Research Article| Volume 146, ISSUE 1, P123-128, July 2017

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Multigene panels in Ashkenazi Jewish patients yield high rates of actionable mutations in multiple non-BRCA cancer-associated genes


      • 91% of mutations identified on multigene panel testing were considered actionable.
      • The majority of mutations in Ashkenazi Jewish patients were actionable.
      • The majority of mutations in Ashkenazi Jewish patients were in non-BRCA1/2 genes.



      To evaluate the results of multigene panel testing among Ashkenazi Jewish compared with non-Ashkenazi Jewish patients.


      We reviewed the medical records for all patients who underwent multigene panel testing and targeted BRCA1/2 testing at a single institution between 6/2013–1/2015. Clinical actionability for identified pathogenic mutations was characterized based on the National Comprehensive Cancer Network (NCCN) guidelines and consensus statements and expert opinion for genes not addressed by these guidelines.


      Four hundred and fifty-four patients underwent multigene panel screening, including 138 Ashkenazi Jewish patients. The median patient age was fifty-two years. Three hundred and fifty-four patients (78%) had a personal history of cancer. Two hundred and fifty-one patients had breast cancer, 49, ovarian cancer, 26, uterine cancer and 20, colorectal cancer. We identified 62 mutations in 56 patients and 291 variants of uncertain significance in 196 patients. Among the 56 patients with mutations, 51 (91%) had actionable mutations. Twenty mutations were identified by multigene panels among Ashkenazi Jewish patients, 18 of which were in genes other than BRCA1/2. A review of targeted BRCA1/2 testing performed over the same study period included 103 patients and identified six mutations in BRCA1/2, all of which occurred in Ashkenazi Jewish patients. Among all Ashkenazi Jewish patients undergoing genetic testing, 25/183 (14%) had a mutation, 24/25 of which were actionable (96%) and 17/25 patients (68%) had mutations in non BRCA1/2 genes.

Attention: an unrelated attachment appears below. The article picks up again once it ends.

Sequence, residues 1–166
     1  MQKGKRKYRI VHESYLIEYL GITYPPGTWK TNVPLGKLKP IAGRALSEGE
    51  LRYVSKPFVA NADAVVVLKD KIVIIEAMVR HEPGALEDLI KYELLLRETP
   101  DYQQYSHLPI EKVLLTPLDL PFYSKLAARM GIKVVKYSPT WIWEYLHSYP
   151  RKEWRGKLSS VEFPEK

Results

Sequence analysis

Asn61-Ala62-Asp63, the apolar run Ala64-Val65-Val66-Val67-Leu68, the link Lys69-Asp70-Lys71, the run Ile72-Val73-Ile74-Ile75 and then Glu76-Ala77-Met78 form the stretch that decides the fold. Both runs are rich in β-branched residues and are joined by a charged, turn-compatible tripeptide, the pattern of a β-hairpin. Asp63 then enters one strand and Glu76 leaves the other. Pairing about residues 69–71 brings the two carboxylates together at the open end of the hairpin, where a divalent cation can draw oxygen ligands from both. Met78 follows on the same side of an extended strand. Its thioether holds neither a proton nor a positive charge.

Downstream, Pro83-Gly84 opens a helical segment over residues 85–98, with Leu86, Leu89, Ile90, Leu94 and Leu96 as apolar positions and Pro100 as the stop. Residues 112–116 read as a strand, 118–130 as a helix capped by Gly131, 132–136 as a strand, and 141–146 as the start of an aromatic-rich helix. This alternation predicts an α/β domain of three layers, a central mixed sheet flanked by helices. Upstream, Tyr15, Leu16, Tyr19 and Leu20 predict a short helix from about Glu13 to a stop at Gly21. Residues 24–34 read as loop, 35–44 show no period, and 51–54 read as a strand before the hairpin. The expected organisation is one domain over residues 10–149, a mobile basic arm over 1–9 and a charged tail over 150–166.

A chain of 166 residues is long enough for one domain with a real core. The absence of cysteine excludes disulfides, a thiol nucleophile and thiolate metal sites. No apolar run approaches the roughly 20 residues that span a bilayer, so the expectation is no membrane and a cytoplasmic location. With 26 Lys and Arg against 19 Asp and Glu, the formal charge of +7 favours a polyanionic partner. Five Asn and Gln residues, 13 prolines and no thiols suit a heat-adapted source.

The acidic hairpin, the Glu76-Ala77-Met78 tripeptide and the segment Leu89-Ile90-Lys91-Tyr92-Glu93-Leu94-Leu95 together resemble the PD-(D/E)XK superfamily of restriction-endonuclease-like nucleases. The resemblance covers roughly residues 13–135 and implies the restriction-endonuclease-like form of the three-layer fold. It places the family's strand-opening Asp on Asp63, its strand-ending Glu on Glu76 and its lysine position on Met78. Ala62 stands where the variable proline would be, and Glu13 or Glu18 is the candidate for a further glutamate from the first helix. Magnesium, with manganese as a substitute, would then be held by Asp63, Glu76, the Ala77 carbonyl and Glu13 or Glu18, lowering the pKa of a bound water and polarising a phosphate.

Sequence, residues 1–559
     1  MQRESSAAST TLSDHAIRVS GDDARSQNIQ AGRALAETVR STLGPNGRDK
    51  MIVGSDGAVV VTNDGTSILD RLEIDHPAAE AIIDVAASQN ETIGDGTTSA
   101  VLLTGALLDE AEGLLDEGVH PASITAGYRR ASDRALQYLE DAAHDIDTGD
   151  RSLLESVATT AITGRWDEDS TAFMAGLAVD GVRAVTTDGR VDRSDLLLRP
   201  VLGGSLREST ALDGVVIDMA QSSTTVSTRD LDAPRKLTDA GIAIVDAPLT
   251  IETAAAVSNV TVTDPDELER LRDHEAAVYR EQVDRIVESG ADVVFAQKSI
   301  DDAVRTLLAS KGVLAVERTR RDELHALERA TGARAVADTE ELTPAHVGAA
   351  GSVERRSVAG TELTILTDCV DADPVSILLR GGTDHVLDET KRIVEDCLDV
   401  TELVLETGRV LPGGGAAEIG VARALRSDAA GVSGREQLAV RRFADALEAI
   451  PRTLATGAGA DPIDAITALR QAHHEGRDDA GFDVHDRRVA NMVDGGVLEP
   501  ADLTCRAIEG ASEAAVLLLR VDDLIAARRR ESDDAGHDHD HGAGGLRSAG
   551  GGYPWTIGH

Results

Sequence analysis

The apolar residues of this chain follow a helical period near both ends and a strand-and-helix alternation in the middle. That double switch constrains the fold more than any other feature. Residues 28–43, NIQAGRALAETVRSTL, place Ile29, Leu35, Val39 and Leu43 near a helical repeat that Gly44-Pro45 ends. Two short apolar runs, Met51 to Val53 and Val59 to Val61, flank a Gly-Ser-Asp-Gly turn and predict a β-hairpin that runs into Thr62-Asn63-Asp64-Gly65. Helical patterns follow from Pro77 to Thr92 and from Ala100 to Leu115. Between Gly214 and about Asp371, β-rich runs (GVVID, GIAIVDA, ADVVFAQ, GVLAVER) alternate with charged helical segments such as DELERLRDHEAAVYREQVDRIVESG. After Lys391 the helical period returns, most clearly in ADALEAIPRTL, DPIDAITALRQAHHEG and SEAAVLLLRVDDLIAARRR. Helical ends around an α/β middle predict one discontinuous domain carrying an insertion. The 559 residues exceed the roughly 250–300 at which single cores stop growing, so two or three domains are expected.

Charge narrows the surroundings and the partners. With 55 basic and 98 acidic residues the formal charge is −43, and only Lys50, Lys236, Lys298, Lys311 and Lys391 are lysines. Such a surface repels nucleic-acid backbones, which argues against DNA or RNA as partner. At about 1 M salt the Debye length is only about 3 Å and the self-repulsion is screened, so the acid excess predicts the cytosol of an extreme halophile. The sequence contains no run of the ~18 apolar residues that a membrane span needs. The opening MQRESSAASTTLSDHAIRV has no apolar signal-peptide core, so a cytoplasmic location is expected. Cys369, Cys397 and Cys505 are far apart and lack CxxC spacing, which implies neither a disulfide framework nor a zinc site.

With the rapid acceptance of multigene panels there is a pressing need to understand how this testing will affect patient management. While traditionally many Ashkenazi Jewish patients have undergone targeted BRCA1/2 testing, our data suggest consideration of multigene panels in this population as the majority of the results are clinically actionable and often in genes other than BRCA1/2.


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